The winter storm that slammed the Northeast last weekend meant lost days and missed opportunities, retailers told Footwear News on Monday.
“We got pretty hammered. We were closed on Friday, Saturday and Sunday at all four locations,” Hawley Lane Shoes Owner Dave Levy said. With stores in Shelton, Orange, Stamford and Norwalk, Connecticut, Levy said, his doors saw between 24 and 40 inches of snowfall.
The blizzard dumped feet of snow across the Northeast, with the Boston area and parts of Connecticut seeing more than three feet of accumulation between Friday and Saturday. Traffic was banned from all Connecticut and Massachusetts roads until Saturday at 4p.m., public transportation in both Boston and New York was slowed or stopped, and thousands of flights were canceled.
Boston sneaker shop Bodega was closed both weekend days, according to storeowner Jay Gordon. “We could have tried to open Sunday, but without any public transportation or parking, it would have been rough,” he said.
Gordon said the store is still “digging out” and having trouble receiving deliveries. “Hopefully, we will be back to full strength by this weekend,” he said.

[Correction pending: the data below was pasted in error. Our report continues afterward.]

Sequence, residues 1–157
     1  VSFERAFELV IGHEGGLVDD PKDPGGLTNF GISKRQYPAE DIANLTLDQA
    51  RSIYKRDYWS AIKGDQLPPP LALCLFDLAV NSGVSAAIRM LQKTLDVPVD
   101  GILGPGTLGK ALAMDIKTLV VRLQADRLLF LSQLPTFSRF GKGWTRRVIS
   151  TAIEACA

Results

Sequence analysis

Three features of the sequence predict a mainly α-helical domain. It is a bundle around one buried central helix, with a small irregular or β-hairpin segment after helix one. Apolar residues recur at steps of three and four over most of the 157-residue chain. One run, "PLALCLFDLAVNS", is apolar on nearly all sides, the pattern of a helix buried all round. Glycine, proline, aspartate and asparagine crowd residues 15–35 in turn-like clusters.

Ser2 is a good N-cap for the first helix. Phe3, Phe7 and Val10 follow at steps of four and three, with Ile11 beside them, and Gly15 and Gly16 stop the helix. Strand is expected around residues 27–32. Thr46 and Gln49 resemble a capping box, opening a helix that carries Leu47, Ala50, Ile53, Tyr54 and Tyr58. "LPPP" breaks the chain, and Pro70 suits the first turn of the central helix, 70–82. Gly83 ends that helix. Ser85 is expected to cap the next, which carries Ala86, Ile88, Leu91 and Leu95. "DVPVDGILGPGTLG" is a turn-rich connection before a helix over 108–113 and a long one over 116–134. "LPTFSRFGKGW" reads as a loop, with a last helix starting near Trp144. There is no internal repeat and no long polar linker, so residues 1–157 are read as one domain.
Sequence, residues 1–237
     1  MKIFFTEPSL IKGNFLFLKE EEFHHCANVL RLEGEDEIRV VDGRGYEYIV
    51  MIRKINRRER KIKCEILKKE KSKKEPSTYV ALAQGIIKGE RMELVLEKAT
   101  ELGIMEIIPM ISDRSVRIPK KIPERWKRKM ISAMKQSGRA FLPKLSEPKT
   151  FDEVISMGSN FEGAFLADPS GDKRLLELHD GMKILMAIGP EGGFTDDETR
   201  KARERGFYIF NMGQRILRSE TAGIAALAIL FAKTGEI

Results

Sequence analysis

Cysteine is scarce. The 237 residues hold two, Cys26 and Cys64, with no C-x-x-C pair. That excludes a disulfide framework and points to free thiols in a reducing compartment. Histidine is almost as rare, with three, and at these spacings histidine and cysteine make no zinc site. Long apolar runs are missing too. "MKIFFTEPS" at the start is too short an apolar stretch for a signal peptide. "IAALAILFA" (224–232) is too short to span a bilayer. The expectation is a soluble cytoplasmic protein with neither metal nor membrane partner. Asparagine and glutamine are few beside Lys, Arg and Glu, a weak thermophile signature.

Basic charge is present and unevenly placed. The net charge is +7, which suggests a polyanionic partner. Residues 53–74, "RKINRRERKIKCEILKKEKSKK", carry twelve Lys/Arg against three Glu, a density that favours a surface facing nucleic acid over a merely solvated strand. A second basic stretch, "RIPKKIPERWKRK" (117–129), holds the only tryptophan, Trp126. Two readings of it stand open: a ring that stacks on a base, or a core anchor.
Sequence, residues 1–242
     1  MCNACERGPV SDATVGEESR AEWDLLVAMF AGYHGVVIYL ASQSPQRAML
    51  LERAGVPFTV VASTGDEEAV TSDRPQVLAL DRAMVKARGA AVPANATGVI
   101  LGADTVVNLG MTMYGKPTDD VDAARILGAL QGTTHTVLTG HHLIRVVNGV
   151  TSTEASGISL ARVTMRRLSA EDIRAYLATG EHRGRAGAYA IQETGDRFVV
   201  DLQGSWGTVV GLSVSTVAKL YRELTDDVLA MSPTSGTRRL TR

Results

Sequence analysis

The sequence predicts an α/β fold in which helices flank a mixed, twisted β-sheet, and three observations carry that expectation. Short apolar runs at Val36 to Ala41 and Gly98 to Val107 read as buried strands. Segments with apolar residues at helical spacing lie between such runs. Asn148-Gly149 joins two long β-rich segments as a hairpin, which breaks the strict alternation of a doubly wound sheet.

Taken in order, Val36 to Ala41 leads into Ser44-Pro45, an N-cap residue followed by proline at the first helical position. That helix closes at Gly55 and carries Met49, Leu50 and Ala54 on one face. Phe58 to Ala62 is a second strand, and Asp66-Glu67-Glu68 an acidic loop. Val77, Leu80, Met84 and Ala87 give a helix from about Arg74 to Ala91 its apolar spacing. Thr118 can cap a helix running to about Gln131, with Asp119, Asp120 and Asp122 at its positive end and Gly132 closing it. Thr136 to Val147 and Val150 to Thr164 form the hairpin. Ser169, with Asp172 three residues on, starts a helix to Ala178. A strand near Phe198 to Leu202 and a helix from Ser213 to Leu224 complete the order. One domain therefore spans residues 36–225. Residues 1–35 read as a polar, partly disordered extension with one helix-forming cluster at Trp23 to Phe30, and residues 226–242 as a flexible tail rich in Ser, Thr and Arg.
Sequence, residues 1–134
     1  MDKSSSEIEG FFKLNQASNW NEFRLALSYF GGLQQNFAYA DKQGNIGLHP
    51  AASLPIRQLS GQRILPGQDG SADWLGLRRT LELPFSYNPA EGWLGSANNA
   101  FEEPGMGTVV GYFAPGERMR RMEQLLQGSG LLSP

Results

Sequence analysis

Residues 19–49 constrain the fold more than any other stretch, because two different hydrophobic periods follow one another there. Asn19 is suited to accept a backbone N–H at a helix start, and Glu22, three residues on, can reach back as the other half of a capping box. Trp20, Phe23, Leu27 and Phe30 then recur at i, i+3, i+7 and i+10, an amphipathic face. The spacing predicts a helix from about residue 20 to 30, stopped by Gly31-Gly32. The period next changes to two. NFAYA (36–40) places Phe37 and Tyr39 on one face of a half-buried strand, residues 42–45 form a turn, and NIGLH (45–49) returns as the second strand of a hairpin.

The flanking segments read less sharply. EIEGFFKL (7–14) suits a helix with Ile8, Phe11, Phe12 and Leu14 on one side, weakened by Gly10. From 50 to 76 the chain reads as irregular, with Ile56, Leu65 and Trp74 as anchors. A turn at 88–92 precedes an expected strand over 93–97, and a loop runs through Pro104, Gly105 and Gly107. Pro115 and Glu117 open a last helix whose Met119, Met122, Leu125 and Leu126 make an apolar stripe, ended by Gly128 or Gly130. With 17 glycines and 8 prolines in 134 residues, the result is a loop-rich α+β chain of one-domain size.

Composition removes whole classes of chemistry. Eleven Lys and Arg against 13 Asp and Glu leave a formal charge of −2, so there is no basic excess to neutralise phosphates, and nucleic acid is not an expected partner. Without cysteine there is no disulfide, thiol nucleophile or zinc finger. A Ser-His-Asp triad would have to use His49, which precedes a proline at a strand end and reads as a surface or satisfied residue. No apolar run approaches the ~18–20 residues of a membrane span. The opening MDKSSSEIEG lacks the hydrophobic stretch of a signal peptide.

Wilton, Conn.-based independent Chou Chou was closed Friday and Saturday, according to buyer Katie Sanford. However, the store did see increased traffic on Sunday. “I think people get a little cabin fever,” she said.
Still, Sanford said lost sales days at a time when the store typically does a strong resorts business is difficult. “It’s never good to lose two full days of sales, but it’s especially not good to lose two full days of sales right before vacations,” she said.
Hawley Lane had opened its doors on Monday, though traffic was nonexistent, Levy said. The hit to the stores from the closed days and the lack of traffic in the week, he estimated, would be in the six-figure range. And a small uptick in boot sales, he said, wouldn’t come close to compensating. “It’s really devastating in terms of what it’s doing to business,” he said.
At Hartford, Conn.-based Fleet Feet Sports, owner Stephanie Blozy said the storm’s timing could put a dent in sales of discounted winter running apparel.